Felicia Perez didn’t suffer any injuries while playing football for Brandywine High School last season. Unless you consider broken fingers to be injuries, which she does not.
That fearless attitude and a ceaseless work ethic have made this 4-foot-8 battering ram willing to smash her nose into any situation a hit with the Bulldogs.
“Felicia is tough as nails,” Brandywine head coach Isaiah Mays said last week. “The best way to describe it is she would much rather be the hammer than the nail. She definitely works hard every day, and she has no quit in her.”
Delaware has seen several girls play high school football over the last few years, but most have been kickers or safeties. Perez is a middle linebacker and fullback, which puts her in the pileup every time she’s on the field.
She wouldn’t want to be anywhere else.
“When I put the helmet on, and they put the helmet on, it doesn’t matter,” she said. “If you’re going to hit me, I’m going to hit you twice as hard.”
Perez began playing football at age 7, but had to stop when she sustained facial fractures after being hit by a fly ball in a baseball game two years later. She stayed active through swimming and frequent trips to a gym, but when she entered high school the thirst for football returned.
“I like to be the dominant person,” Perez said. “Other females follow other females. I’m not a follower. I’m a leader. So I decided I was going to play a predominantly male sport.”
So last season, before her sophomore year, she sent an email to Mays stating her desire to play. Then she made a memorable first impression.
“She showed up and she was short, only 4-foot-8,” the coach said. “But she goes to shake my hand, and I noticed from that moment, the firm handshake she gave. Once she did that, I thought she might be a heck of a ballplayer for us. Since that moment, watching her through weightlifting and everything, she’s been awesome.”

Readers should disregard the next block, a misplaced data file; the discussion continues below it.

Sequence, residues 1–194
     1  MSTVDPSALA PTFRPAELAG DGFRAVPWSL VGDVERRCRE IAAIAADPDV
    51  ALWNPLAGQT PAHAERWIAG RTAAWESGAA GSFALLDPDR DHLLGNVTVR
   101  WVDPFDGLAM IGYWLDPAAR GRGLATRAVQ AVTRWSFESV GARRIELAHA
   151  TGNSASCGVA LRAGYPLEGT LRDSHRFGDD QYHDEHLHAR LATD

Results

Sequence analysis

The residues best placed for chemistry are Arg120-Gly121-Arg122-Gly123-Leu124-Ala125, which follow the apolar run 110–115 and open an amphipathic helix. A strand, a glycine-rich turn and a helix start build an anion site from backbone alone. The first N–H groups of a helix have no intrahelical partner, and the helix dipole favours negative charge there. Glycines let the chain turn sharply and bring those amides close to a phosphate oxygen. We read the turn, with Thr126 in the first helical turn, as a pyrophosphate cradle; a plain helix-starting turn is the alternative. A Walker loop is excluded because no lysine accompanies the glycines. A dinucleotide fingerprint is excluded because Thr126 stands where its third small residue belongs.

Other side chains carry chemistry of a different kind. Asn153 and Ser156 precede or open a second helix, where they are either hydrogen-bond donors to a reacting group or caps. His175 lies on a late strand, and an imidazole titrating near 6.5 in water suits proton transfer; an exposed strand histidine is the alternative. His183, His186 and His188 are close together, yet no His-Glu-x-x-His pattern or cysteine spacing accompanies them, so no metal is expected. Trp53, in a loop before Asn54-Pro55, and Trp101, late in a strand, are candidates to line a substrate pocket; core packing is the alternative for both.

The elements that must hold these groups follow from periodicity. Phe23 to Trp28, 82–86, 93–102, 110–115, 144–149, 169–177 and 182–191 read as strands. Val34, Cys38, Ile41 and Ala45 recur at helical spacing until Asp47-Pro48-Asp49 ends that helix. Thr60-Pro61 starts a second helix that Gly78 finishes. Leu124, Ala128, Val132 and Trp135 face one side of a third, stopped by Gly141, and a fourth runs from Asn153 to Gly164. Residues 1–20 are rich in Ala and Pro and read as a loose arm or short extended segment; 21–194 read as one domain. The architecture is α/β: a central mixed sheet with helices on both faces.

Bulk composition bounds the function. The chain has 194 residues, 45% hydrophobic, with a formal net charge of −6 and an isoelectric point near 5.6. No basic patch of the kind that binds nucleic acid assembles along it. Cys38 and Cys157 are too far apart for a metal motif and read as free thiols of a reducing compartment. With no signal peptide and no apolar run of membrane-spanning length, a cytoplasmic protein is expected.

Football is Perez’s year-round passion. She doesn’t play any other sports at Brandywine, choosing instead to participate fully in the Bulldogs’ offseason conditioning, weight training and 7-on-7 programs.
“I know what I want to do,” she said. “If I do other things, football’s just not going to happen anymore. I know I’m littler than everybody else, so if I don’t do what I need to do, I could get injured.”
Her mother, Andrea Perrin, gave her some valuable advice when she resumed football.
“She said, ‘You know the boys are going to be bigger than you. You’ve just got stay safe, keep your head up and eat a lot. Keep the weight on,’” Perez said. “So I get to eat a lot.
“I like chicken. Lots and lots of chicken. And salad. And protein bars. And Chick-fil-A.”
Perrin – the only Philadelphia Eagles fan in a house full of Dallas Cowboys fans – knew Felicia would gravitate back toward her favorite sport.
“She eats, breathes, sleeps football,” Perrin said. “She always has. She grew up watching high school on Friday nights, college on Saturday and professional on Sunday.
“I was a little concerned last year, going into high school. When she played Pee Wee football, it was a bit different. But high school, I was a little nervous. But I know her team, they’re like a family and those boys definitely have her back.”
Perez has earned her teammates’ respect with her toughness.